Other times, NASCAR decides to do something that makes its fans shout, “What the $#%&!”
Here are three examples:
The waiver rule
Not everyone was satisfied with the way Kyle Busch captured the NASCAR premier Cup Series championship in 2015, especially since he missed nearly a third of the 36 regular-season races.
Some fans suggest Busch should not have qualified for the playoffs. Others contest Busch earned his way into the playoffs by capturing five events after returning from injuries.
Maybe if Busch had missed one or two races, that’s understandable, but Busch missed 11. During the season-opening Xfinity Series race at Daytona International Speedway, he sustained broken bones in his foot and leg.
Two years earlier, the waiver rule was implemented as part of the revamped Chase for the Sprint Cup postseason format. The intention was to allow drivers pressure-free time to heal from injuries.
It was a promising idea, but some fans who grew accustomed to their favorite drivers running in each race – no matter what – struggled with Busch missing so much time and still earning a playoff berth, much less the drivers’ title.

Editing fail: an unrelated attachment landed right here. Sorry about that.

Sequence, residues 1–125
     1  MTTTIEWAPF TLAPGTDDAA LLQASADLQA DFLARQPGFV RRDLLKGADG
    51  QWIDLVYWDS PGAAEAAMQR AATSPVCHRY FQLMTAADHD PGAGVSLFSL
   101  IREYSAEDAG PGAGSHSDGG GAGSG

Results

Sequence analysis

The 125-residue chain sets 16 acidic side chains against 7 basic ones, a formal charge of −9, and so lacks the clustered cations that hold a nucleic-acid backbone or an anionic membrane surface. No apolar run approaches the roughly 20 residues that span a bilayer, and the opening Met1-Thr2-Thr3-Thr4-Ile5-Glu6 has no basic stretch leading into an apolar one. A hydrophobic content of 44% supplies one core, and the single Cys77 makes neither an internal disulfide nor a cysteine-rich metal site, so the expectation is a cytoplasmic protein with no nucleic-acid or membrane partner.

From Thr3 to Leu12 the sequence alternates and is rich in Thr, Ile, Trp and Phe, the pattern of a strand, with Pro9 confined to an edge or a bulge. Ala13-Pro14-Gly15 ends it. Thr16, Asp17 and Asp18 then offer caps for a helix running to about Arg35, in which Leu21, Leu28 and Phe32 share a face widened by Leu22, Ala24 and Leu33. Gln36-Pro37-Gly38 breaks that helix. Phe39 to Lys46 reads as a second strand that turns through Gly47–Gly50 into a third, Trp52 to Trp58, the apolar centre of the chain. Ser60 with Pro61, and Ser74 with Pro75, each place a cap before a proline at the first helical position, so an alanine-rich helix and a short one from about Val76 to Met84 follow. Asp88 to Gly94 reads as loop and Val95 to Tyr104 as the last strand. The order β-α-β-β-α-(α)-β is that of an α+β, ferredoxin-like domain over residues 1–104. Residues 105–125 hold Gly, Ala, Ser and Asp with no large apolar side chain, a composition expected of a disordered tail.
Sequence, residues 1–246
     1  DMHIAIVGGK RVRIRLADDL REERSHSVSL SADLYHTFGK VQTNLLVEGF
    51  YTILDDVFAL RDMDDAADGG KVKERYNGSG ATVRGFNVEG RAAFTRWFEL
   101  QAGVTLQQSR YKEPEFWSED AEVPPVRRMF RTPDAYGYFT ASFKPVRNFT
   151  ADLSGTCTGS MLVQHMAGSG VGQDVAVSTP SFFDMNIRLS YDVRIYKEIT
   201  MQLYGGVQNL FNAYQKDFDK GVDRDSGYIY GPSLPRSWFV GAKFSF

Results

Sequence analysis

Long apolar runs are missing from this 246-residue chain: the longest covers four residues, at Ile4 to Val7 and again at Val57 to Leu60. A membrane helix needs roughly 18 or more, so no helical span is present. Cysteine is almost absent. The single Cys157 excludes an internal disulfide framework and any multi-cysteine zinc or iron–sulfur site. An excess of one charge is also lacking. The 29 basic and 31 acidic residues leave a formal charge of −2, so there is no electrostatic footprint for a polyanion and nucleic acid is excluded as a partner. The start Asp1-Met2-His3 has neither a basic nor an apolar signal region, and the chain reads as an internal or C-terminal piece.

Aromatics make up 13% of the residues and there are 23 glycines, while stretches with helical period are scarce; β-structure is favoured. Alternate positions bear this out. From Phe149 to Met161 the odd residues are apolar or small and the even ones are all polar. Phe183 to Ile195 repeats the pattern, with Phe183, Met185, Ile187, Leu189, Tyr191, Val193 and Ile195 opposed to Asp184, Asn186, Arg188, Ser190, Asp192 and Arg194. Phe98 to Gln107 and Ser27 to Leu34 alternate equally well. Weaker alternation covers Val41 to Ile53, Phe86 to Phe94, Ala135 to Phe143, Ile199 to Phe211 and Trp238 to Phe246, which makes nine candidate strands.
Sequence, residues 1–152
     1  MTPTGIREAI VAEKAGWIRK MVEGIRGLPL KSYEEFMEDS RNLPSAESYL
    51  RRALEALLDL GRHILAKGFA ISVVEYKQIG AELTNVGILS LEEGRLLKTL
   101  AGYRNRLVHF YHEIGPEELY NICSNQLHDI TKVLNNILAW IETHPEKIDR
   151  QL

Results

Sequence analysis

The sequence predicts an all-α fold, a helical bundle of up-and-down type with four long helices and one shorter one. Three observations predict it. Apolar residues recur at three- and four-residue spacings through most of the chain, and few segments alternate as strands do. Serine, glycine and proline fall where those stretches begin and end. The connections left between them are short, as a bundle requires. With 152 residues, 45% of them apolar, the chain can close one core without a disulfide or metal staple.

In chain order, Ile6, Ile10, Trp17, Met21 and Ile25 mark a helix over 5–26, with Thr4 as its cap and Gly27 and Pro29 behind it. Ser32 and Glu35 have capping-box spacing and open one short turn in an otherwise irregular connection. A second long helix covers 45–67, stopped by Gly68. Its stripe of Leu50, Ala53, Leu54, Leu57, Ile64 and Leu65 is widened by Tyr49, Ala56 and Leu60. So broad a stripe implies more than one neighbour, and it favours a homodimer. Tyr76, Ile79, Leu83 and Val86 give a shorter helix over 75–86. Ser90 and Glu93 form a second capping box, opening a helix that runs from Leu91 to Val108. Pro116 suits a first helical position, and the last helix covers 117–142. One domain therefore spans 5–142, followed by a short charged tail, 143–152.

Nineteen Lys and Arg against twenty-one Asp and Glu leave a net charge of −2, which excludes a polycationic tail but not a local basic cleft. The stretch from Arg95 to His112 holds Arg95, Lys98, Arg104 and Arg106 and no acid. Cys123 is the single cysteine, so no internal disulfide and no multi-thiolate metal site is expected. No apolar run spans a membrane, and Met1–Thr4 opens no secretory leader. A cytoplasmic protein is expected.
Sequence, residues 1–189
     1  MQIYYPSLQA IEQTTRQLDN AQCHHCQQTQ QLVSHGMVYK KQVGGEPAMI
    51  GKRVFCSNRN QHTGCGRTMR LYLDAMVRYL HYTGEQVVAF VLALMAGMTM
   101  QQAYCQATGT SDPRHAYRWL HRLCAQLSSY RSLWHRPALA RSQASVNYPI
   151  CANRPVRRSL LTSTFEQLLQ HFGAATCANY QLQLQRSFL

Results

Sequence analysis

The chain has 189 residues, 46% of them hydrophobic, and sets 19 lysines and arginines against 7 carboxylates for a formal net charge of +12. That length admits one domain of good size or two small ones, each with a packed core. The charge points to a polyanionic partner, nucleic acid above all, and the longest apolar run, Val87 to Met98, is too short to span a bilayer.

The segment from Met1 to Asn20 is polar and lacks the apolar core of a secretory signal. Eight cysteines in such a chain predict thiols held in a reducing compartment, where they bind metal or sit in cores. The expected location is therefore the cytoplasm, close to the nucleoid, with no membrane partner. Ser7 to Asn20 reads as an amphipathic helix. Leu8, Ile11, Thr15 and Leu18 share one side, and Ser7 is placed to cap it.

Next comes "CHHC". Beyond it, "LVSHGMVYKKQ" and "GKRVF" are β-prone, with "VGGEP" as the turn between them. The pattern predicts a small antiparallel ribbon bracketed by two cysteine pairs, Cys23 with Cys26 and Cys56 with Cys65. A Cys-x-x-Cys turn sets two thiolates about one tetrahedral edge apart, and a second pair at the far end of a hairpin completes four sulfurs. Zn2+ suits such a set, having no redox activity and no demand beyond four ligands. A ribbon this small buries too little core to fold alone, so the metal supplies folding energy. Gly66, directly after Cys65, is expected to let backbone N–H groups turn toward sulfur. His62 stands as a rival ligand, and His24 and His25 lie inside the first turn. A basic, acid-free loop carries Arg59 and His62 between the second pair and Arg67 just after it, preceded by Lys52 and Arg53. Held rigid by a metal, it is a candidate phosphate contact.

The endless overtime
Since NASCAR introduced overtime laps in 2004, officials have nicked, picked, changed, and altered the overtime rule so many times; it made many fans feel dizzy.
When it comes to the “endless overtime,” well, the series went above and beyond in driving their fans crazy: “Is this race ever going to end?”
Talk about too much of a good thing.
The endless overtime regulation came into effect when a caution flag paused a contested race near the end, adding additional laps. If a clear-cut winner or an accident occurred, the race was called, and a winner was declared.
If not, then more laps were added, with the potential for more … and more … and more …
The caution clock
NASCAR’s decision to implement a Camping World Truck Series caution clock alienated many fans.
The move was experimental, so NASCAR officials initially initiated a 30-minute caution clock on the Truck circuit in 2016.
It was a disaster, a move seemingly made of desperation.
While the rule proved to be effective because it helped bunch up the Truck field and increased the competition for the lead, but the concept of a caution clock did not resonate with the fans.
A race with a shot clock?
NASCAR abandoned the rule after one year.